Over here, M Varin is going to have to rely on asset sales and the capital markets to pay for the slimming down of its UK steels business. Having watched the meltdown in the share price over the last three years, investors will surely not be well-disposed to throwing good money after bad by subscribing to a rights issue. In any case, the only version acceptable to the underwriters would be a deeply discounted one, and for that Corus needs the shares to rise.
Yesterday's news from the strip mills was not a good start. Raw material prices have begun to escalate alarmingly, wiping out the benefit of the tentative recovery in prices the world steel market has seen. To make things bleaker, Corus now thinks the European market will get worse before it gets better.
M Varin talks about replacing the "silo mentality" he discovered on arriving at Corus with the "can-do" culture he claims to bring from France. Unfortunately, that won't be enough. What he really needs is a softening in the pound, when in fact it is hardening as quickly as a steel ingot fresh from the furnace. He also needs some respite from the Eastern Europeans, who are eating away what little margin Corus has left.
The gap between the margin Corus makes on sales before all those tiresome deductions like interest, tax, depreciation and amortisation and the margin its international competitors achieve is a yawning one. M Varin's estimate that it will take three years to achieve a turnaround looks at best optimistic. In the meantime he might seriously consider what all the American steel makers have done and file for Chapter 11. It sounds inappropriate for a British company but it may be his best bet.
Opec has misjudged the world economy by unexpectedly agreeing production cuts. The Organisation of the Petroleum Exporting Countries seems to believe that with stocks building and Iraqi production on its way back, there is a real danger of the oil price collapsing. The cut in production is therefore being presented as pre-emptive. Yet it is surely better that demand continues to recover than that prices are kept robust.
The economic rebound is still fragile, both in the US and the Far East, and it has scarcely begun at all in Europe. Any significant rise in oil prices risks halting it in its tracks. By adding to business costs, rising oil prices are both inflationary and deflationary at the same time. More inflation means higher interest rates, further depressing consumption already damaged by rising petrol prices.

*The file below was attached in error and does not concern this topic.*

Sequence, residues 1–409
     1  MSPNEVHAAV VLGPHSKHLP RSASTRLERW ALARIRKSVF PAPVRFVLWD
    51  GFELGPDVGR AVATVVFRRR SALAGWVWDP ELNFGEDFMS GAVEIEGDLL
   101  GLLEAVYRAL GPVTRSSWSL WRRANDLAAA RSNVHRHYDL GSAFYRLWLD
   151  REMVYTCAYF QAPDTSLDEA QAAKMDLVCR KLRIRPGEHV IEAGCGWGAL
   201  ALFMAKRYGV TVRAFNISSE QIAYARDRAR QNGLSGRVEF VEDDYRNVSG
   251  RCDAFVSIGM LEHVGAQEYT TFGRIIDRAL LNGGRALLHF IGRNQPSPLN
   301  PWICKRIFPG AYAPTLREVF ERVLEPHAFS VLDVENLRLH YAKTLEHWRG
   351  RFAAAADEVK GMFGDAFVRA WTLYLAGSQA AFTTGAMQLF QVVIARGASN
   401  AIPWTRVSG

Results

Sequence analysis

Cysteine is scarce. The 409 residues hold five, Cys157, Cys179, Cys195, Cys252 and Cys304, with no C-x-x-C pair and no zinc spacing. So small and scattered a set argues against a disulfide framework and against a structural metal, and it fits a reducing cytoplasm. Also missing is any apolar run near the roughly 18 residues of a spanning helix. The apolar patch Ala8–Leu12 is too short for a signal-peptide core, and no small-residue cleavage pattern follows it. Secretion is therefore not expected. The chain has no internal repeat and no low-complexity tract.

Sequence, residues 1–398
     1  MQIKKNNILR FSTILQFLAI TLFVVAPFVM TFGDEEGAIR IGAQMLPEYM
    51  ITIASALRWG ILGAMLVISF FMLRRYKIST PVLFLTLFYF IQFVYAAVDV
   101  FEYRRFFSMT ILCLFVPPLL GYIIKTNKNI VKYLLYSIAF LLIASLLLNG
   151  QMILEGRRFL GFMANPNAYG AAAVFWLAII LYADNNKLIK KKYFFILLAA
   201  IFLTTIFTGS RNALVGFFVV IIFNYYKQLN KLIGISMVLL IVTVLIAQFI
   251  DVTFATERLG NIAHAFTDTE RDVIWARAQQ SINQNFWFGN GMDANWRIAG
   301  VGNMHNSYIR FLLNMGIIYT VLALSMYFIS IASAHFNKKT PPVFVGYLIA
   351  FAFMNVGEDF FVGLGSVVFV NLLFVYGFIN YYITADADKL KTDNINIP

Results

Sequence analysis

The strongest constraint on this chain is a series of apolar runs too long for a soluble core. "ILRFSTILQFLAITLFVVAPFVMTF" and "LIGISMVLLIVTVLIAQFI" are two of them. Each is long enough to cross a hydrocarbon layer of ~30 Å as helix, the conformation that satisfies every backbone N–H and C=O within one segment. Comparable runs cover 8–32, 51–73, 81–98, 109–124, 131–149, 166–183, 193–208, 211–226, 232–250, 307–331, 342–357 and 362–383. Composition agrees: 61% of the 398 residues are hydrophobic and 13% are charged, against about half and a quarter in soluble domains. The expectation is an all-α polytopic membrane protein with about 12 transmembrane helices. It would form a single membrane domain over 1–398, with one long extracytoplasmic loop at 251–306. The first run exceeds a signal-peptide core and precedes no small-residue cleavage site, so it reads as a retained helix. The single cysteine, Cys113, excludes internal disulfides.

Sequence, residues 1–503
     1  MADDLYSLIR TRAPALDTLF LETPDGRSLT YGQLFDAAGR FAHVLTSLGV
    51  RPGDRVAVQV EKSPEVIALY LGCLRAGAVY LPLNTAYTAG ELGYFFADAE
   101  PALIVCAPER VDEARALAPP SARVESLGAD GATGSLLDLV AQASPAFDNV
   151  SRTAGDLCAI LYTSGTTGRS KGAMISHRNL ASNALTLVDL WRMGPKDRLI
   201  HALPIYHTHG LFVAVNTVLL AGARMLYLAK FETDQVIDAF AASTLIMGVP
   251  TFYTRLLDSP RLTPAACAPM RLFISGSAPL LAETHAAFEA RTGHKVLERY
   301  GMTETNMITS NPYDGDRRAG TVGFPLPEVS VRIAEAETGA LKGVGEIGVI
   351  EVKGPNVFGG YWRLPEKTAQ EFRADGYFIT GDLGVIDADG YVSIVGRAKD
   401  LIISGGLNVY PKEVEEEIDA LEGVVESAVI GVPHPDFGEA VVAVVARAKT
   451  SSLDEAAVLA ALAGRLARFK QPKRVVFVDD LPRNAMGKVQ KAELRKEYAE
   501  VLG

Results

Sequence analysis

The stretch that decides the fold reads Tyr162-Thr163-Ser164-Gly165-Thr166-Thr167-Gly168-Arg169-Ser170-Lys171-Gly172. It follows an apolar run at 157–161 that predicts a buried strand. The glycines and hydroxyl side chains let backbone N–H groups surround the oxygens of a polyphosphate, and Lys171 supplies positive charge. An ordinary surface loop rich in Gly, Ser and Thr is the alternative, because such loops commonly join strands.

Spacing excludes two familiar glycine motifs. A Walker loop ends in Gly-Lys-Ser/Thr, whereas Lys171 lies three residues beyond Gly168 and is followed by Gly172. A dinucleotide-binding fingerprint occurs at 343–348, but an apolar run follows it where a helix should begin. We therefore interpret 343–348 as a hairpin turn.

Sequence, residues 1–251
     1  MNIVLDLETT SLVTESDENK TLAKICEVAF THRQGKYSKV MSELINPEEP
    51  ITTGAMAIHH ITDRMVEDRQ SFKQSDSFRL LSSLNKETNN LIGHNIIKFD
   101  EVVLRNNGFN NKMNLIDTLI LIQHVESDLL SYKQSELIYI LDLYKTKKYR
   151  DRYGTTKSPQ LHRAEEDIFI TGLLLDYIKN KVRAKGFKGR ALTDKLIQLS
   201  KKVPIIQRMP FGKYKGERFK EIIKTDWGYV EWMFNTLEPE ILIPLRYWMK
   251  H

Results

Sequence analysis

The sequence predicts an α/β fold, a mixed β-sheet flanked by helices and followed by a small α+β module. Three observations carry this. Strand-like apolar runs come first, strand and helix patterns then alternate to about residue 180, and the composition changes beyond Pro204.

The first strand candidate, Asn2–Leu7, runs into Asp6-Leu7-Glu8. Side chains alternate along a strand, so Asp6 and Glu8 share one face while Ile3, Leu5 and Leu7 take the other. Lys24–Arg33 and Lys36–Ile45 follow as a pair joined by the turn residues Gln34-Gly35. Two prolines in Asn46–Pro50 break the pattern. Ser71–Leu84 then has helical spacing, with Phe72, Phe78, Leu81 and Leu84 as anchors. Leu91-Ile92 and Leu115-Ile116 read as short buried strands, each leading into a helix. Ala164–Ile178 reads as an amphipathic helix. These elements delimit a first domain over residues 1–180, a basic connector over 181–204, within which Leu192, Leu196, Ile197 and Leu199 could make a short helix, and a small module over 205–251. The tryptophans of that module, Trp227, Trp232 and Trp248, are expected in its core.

Opec is determined to hold the price around $25 a barrel and seems wholly prepared to cede market share in defending the benchmark. Yet Opec needs the world economy to start recovering as much as any, otherwise the delicate balance between supply, demand and prices gets destroyed in any case.
I may have underestimated City concern over the suggested appointment of James Murdoch as chief executive of BSkyB. Yet though big investors are determined that due process is followed in finding a replacement for Tony Ball, I suspect in the end they will grudgingly accept the anointed son. As it happens, James Murdoch hasn't yet applied for the job, and quite possibly he won't, or not at least until the nominations committee has been turned down by all the alternatives.
Most of the obviously qualified contenders for the post are in the US. Assuming they want to come and work in Rupert Murdoch's shadow, they'll make the furore over Tony Ball's pay look like a vicar's tea party. So I would still put money on James getting the job. As for Murdoch senior being forced to give up the chairmanship as a quid pro quo, that would be just plain silly. The non-executives will need to strengthen their powers of oversight, but the Murdochs have more interest than any in ensuring this company does not come off the rails, and that of itself ought to be enough.Reuse content